The Power of Meditation and Support to Cope – World Mental Health Day

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Carolina Troncone, Global Mental Health project manager shares her experience with Covid-19, how she coped such as with meditation and the support she received from Schneider Electric during this difficult time.

In recognition of World Mental Health Day, Schneider Electric acknowledges these are extraordinarily challenging and unique times that impact each of us differently. Recognizing that #OurMentalHealthMatters is key to achieve our ambition and to foster an inclusive company culture where everyone feels safe to be their unique self, even at the hardest moments like when we are distressed, anxious, or unable to cope – especially when pandemic fatigue is real. 

And yes, all of a  sudden, I tested positive for Covid.

I got into a full-speed roller-coaster of myriad thoughts and feelings; fear, despair, and a strong sensation that nothing made sense in my life. The self-questioning started: Why do I do the things I do? What’s the point of it all? Do I really like what I’m doing in and with my life?

Rocky Balboa match

I was lucky that my physical symptoms were manageable, but my anxiety levels would amplify them. Meditation became a big lifesaver, to help me navigate the constant waves of mixed feelings, negative thoughts, and the emptiness I felt.

However, the worst moment was when I almost completely lost my sense of smell and taste. I had a panic attack and I just wanted to scream and run out of the door to nowhere.

Until that moment I would meditate for maybe 2 hours, but I pushed myself to step up my game and started to do 3-4 hours a day. I found hope and lived in the moment: “Now you have the time to stop and reconnect. What are the real pending topics in your life?”

The biggest fight I was facing, as my physical symptoms were becoming more stable (Thank God!), was my mental well-being and my social well-being (my purpose).

Finding my Ikigai

A few weeks before, I had bought a book about the Japanese concept, Ikigai which refers to “something that gives a person a sense of purpose, a reason for living”. I would juggle each day between meditation and reading the book that would confront me with challenging questions like: What’s the purpose that motivates you to wake up each day?

Little by little, adding meditation time and pages, I started feeling coherence in my heart and mind, reconnecting with what was right in my life and what I feel grateful for. Lots of family memories and moments comforted me.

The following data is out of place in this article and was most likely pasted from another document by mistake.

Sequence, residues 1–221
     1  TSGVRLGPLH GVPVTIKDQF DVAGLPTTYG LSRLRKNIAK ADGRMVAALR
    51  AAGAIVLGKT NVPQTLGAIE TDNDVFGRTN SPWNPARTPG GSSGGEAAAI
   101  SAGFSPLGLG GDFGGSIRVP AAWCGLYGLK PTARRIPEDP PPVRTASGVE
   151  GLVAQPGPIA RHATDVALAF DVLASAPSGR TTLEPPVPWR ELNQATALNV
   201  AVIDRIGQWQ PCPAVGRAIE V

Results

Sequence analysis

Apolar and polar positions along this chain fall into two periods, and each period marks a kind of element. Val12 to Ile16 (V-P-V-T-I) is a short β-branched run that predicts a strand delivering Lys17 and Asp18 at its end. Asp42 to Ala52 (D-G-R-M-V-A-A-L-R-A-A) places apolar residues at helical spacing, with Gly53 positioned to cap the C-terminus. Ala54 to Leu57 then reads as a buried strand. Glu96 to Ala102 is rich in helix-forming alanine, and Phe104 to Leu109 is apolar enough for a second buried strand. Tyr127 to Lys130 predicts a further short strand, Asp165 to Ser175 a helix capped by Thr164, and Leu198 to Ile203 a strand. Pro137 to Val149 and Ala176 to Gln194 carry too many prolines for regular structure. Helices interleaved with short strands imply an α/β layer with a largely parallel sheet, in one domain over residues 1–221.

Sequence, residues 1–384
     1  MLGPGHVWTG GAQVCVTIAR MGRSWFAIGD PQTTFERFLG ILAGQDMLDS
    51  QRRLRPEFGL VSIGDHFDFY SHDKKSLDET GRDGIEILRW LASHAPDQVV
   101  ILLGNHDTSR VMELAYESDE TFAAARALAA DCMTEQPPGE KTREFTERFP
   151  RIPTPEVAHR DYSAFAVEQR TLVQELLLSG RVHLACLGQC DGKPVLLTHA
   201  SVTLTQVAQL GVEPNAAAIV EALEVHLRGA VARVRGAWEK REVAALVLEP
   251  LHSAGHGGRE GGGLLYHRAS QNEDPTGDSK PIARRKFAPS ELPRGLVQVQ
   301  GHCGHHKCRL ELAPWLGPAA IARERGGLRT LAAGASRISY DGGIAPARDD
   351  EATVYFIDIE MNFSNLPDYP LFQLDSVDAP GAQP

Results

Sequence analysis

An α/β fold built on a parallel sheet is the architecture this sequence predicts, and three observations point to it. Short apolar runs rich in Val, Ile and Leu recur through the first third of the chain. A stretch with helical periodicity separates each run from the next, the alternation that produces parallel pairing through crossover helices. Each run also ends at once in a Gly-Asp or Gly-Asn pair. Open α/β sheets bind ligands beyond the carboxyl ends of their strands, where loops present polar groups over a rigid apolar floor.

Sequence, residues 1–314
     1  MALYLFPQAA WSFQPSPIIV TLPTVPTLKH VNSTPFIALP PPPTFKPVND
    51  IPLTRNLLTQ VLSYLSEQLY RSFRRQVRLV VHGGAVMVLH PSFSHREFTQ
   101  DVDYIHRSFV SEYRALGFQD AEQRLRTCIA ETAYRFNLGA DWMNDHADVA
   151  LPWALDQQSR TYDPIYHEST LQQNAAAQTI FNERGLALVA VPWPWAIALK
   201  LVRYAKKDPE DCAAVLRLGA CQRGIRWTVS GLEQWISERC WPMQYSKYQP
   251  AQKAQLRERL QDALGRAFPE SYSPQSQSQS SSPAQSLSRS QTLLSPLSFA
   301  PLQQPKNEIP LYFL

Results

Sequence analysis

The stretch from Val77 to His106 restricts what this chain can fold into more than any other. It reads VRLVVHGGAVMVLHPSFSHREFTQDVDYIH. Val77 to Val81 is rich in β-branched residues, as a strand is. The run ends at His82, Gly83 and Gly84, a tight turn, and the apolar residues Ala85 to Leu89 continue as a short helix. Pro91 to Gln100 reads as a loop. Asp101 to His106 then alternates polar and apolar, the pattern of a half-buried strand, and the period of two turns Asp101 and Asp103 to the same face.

My biggest takeaway was “Everything that I seek is already in me”.

My magic wand

“What you attend to in this moment becomes your reality” – William James

Once I could let my negative thoughts and feelings pass, I focused on all the good in my life, including the caring support and follow-up I was receiving from the Health and Safety team in Schneider Electric. There was always a gentle voice asking me, the simplest yet most impactful questions: How are you doing today and How can I help you?

A bit more than 2 weeks passed, but it felt like months. I was feeling happy and relieved about my winning match with Rocky Balboa.

A new boxer around the corner

And yet around the corner, a new match was waiting for me, fogginess and losing track of time would be my co-workers for a while. Trust, empathy, flexibility, and authentic open check-ins with my team led me to a big AHA moment… Naming the beast: I was suffering from post-traumatic stress symptoms.

Once I named it, all the pieces started to fall into place, so I trusted myself, and refocused my energy into: “What do I need to learn about this beast? I listened to podcasts, read some articles,  took support from family and friends, and of course continued practicing meditation.

Like everything in life, it passed. I was lucky enough to count on a very supportive environment both professionally and personally. The day I made my bed again and I knew that everything was going to be alright.

Learn more about what we do at Schneider Electric to promote a culture of mental health and well-being here.


About the author

Carolina Troncone, Global HR Project Manager for Well-Being

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